In 2006 Richard Cohen of The Washington Post wrote a column arguing “[t]he greatest mistake Israel could make at the moment is to forget that Israel itself is a mistake.”
The argument, that Israel should not have been created as a Jewish state because the Muslim Arabs never would accept it, now is echoed by Andrew Sullivan in The Atlantic:
It is tone-deaf to create a Jewish state in the middle of the Middle East and then behave as if it had been there for ever.”
It is, in essence, the argument made by Helen Thomas when she stated that Jews should “get the hell out of Palestine,” and go back to Europe.
And it all plays into and is a byproduct of Mahmoud Ahmadinejad’s strategy to portray the end of Israel as a natural progression to correct a historical mistake:
As Iran’s leadership prepares to dispatch a Red Crescent flotilla to break Israel’s blockade of Gaza, its propaganda organs are spreading one message throughout the Muslim world: the Jewish state, branded by President Mahmoud Ahmadinejad as “the Zionist stain of shame”, is heading for its inevitable destruction.
But the argument is based on a series of falsehoods.
Half of all Israelis are refugees or descendants of refugees from Muslim lands, a fact glossed over in the portrayal of Israel as a European implant.
This fight is not about Europe versus the Middle East. It is about Jew haters against Jews, as witnessed by the recent statement by the Syrian representative to the U.N. Human Rights Council:
“Israel…is a state that is built on hatred…Let me quote a song that a group of children on a school bus in Israel sing merrily as they go to school and I quote ‘With my teeth I will rip your flesh. With my mouth I will suck your blood.'”
Cohen and Sullivan can dress it up all they want, and claim that they simply are being realistic as to the current state of affairs, not delegitimizing Israel. But the bottom line is that they are engaging in historical denial every bit as bad as that for which they blame supporters of Israel.
The Palestinians did not exist as an identifiable national group until a few decades ago, and the land now claimed for Palestinians never was controlled by Palestinians prior to the creation of Israel. There has been a Jewish majority in Jerusalem for centuries. And so on and so on.
The falsehoods are not only national, but also personal.
I have documented how a prominent Palestinian-American law professor, and advocate for the destruction of Israel as a Jewish state, has created an exaggerated narrative of the loss of his ancestral home in Jerusalem. In fact, his ancestors were not indigenous to Jerusalem or any part of what now is Israel, lived in Jerusalem for only a short period of time, and left voluntarily for business reasons before the Israeli War of Independence. Yet this law professor’s family narrative forms the emotional basis for his cottage industry of articles about the loss of Palestine to the Israelis, which are posted and re-posted on the blogs of “peace groups” of the type which organized the Gaza flotilla.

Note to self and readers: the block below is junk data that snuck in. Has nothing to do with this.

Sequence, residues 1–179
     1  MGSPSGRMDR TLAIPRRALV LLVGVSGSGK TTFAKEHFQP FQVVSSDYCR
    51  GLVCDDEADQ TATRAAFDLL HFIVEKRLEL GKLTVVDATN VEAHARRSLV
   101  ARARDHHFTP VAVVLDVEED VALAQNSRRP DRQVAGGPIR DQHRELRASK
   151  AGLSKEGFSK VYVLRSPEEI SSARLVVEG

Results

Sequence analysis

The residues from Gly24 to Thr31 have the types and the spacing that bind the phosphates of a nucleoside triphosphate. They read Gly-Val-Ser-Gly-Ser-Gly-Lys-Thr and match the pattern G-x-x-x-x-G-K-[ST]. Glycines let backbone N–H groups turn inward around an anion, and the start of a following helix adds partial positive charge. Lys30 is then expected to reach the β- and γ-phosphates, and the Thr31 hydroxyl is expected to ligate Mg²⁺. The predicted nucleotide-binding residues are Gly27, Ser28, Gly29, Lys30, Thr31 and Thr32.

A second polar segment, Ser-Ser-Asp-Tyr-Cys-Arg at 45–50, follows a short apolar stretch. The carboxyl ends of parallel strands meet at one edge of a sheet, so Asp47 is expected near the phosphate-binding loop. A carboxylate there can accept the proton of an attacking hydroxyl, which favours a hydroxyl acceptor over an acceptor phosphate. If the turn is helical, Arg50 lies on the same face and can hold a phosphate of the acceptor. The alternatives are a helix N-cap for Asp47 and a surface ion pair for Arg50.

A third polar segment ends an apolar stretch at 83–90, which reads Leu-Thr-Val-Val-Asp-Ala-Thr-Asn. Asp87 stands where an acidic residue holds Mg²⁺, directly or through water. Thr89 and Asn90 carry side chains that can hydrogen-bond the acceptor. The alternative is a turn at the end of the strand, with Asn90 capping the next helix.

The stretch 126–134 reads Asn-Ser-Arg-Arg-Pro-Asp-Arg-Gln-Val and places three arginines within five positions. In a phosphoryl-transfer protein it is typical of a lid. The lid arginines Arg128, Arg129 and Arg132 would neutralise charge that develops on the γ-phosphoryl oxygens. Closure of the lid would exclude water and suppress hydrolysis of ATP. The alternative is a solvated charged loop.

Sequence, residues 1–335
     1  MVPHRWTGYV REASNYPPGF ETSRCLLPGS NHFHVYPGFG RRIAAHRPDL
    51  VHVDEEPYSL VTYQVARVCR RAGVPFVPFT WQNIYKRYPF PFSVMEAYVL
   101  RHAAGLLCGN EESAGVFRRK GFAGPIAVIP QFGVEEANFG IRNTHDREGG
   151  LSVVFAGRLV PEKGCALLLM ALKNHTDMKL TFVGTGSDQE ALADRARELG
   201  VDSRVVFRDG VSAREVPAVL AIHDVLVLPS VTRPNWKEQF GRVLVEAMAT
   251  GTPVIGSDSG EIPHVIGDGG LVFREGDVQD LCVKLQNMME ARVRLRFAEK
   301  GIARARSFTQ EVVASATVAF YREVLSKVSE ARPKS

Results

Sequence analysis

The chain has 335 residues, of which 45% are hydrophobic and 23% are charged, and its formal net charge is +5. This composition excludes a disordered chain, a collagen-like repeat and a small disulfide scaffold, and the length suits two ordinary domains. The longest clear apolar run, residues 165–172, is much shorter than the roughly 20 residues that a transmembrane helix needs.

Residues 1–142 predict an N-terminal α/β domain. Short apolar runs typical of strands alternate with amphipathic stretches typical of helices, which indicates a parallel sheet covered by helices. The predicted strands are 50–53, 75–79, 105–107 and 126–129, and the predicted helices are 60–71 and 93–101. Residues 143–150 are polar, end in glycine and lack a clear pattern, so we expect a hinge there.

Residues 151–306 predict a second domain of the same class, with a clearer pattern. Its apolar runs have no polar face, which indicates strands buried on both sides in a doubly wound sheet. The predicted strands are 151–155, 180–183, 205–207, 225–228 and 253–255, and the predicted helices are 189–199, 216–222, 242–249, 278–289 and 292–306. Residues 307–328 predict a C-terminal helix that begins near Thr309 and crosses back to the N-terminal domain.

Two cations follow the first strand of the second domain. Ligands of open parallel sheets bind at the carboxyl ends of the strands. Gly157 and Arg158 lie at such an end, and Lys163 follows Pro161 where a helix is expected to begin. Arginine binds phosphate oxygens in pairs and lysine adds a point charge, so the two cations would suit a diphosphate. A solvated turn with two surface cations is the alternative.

Jordan was created out of whole cloth. Almost all borders in the Middle East were artificial creations of European colonial empires, and ethnic minorities rule numerous countries, such as Jordan and Syria.
In this region of artificial national boundaries, of nations run by ethnic minorities, of displaced Muslims and Jews, why is it that only the Jewish state run by the Jewish majority is the mistake?
Because that is how it’s being done in the Salons and Atlantics of the world, among columnists and bloggers who are so worn down by the unrelenting hatred of the Jews in the Middle East that they now blame the victim.
Taylor Marsh wrote in response to Sullivan’s post, the Israelis “brought it on themselves” by being too aggressive in self-defense.
It is so much easier to ask Israel to yield, to pull back, to give in and give up, than it is to face up to the premeditated, unrelenting war against the Jews.
That is what is has come to.
Update: Rick Moran, Israel’s Critics and Hollow Lies:
What is it you would have the Israeli government do to protect itself?
Indeed, what marks the critic of Israeli policy is a disconnect between the perilous reality of Israel’s exposed position vis-a-vis the Palestinians and those nations that support them. They hold a pie-in-the-sky belief that if Israel would only remove the irritants the Palestinians suffer on a daily basis, that the animosity felt by Israel’s enemies would magically disappear.
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